Bouwen voor de kunst?

Museumarchitectuur van Centre Pompidou tot Tate Modern

Domeniek Ruyters

March 26, 2007review,

Wouter Davidts, Bouwen voor de kunst? Museumarchitectuur van Centre Pompidou tot Tate Modern, Gent 2006, ISBN 9076714282, 412 pages

In recent years there has been a substantial boom in the construction of museums in the West. Every city has wanted to have its own museum showpiece that would draw, as a high-quality cultural attraction, more tourists to the city. The most well-known example is the Guggenheim Bilbao, the new building designed by Frank Gehry that brought world fame to the dilapidated Basque seaport. The Netherlands has the Groninger Museum designed by Alessandro Mendini, which provided an impulse to tourism in the isolated northern Dutch city. What these museum buildings, a product of city marketing, have in common is their architectural exuberance. The traditional tasks of museums, such as the collecting of art, seem to be of secondary relevance in these kitschy new buildings which declare themselves to be the main event.

Typically enough, Wouter Davidts has little to say in his book Bouwen voor de kunst? Museum architectuur van Centre Pompidou tot Tate Modern about these public success stories that give every public official responsible for culture wet dreams. Somewhat dutifully, Davidts describes the rise of the spectacular façade construction and points out how much these museums are the result of the increasingly fierce competition between cities for the cultural consumer. He disposes of these newly built museums with their ostentatious exteriors and utterly uninteresting and interchangeable interiors as ‘schizophrenic’. In these buildings no thought has been devoted at all to how architecture can provide meaning for art, he states disappointedly.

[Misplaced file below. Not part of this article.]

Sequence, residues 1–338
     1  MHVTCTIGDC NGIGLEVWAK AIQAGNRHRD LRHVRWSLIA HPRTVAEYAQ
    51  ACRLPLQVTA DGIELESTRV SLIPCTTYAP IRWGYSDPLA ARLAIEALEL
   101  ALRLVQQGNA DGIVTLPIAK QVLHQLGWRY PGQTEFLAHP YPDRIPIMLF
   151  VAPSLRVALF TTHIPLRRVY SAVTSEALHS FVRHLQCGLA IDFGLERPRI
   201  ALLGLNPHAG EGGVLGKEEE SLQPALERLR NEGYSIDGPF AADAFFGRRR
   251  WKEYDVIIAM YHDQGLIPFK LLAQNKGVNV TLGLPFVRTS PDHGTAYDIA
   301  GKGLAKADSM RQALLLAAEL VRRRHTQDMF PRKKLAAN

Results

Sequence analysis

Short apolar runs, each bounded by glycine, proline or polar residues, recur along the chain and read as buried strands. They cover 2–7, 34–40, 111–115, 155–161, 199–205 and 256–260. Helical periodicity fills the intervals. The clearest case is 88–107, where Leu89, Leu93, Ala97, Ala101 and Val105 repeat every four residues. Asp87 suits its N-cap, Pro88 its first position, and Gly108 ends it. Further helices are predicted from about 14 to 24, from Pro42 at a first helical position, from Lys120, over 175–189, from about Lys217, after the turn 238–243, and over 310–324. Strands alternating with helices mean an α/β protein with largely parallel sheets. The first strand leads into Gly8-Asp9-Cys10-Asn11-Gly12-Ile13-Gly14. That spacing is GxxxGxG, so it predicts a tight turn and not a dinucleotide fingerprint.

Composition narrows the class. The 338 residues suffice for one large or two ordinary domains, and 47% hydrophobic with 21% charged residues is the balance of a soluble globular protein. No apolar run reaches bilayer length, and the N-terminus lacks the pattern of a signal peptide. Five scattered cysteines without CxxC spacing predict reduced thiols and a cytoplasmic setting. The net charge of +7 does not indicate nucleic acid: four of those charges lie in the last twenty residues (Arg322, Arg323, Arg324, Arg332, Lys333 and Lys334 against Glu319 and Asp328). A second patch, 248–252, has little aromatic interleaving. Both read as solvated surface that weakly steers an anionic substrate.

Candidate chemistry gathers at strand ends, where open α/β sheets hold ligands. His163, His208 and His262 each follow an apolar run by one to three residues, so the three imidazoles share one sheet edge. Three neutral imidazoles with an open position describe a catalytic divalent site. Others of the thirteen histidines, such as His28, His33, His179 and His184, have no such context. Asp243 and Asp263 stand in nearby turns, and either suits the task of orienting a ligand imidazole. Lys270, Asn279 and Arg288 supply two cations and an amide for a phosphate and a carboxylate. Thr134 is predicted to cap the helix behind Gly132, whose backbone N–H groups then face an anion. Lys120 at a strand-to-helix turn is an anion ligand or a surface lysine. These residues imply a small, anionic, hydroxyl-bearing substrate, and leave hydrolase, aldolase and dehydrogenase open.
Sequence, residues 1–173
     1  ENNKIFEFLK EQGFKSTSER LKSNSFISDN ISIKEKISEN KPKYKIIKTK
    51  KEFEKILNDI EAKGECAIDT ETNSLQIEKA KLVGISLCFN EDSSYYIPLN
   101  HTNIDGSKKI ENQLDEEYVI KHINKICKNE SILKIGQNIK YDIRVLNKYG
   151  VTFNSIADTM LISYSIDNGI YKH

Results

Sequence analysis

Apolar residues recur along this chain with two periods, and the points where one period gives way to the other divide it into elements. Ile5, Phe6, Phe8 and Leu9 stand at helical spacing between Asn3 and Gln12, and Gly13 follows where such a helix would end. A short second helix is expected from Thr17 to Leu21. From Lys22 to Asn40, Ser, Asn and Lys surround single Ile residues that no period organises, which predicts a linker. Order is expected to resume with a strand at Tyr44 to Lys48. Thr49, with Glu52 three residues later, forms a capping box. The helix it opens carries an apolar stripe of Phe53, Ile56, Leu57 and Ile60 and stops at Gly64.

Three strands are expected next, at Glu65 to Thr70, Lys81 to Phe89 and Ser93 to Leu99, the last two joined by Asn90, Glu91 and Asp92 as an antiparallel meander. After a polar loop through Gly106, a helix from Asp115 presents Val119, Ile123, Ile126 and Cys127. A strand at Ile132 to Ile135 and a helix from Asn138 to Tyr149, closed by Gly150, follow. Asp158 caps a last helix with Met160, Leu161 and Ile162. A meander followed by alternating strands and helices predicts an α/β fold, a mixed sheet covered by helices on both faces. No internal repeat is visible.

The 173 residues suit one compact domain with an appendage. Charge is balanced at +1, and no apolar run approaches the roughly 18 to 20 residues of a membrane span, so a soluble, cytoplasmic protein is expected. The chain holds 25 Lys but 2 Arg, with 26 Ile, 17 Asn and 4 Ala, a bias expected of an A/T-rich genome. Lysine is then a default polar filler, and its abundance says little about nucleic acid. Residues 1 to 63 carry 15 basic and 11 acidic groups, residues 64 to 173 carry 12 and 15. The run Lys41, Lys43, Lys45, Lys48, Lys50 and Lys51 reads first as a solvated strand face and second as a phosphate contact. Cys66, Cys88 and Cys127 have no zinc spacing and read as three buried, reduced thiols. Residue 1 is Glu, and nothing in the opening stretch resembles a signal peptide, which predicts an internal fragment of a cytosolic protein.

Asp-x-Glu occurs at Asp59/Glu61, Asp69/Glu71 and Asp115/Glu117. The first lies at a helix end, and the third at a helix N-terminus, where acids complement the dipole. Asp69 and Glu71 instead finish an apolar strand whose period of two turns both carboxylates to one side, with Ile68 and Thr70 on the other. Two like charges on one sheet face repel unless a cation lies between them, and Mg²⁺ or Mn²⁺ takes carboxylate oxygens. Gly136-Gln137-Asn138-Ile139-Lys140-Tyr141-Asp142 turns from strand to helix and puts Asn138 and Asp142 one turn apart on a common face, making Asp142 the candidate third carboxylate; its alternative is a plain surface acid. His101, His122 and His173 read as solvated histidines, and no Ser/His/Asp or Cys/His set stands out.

Rather than dwell upon these architectural extravagances, Davidts deals at length with museum architecture that does take into account what happens inside the building and how this determines the building’s entire essence. His interest in museum architecture is of a programmatic nature and thus focuses as much on content as on outward appearances. The basic assumption of the book is that the museum of art (the genre that Davidts restricts himself to here) is no longer a shrine where masterpieces are preserved. The privileged status which for centuries gave the museum a powerful identity and an appropriate temple-like appearance is increasingly being abandoned in favour of the model of the workshop, in the hope that the museum can better connect to developments in contemporary art. Davidts calls this new type of museum, which emerged in the 1970s, a ‘dynamic machine’; the Centre Pompidou built in 1977 and Tate Modern from 2000 amount to the most important examples.

Under the inspiring impetus of jury member Willem Sandberg, the Centre Pompidou building committee devoted itself to the realization of the cultural supermarket, which conflicted with the museum as it was then perceived. The conspicuous building in the middle of Paris, in which all the utility ducts are affixed to the façade to create space, consists of stacked open floors without a single obstruction. The suggestion here is that everything is possible, but practice eventually proved to be more intractable. The ‘liberated’ anti-museum strove for optimal transparency and flexibility in an attempt to offer the artist an ideal workplace like his own studio, but all too soon came up against the dilemma that the desire to be a production site does not go together well with the museum’s other function, that of a shelter. The national museum of modern art, spread over two floors of the Centre Pompidou, was refurbished in the 1980s with fixed walls and routes for a permanent collection of non-contemporary art. Even the view of the city has largely been sacrificed, making the return to the white cube, deprived of time and topicality, complete. As a result, the Centre Pompidou became a bit of a temple.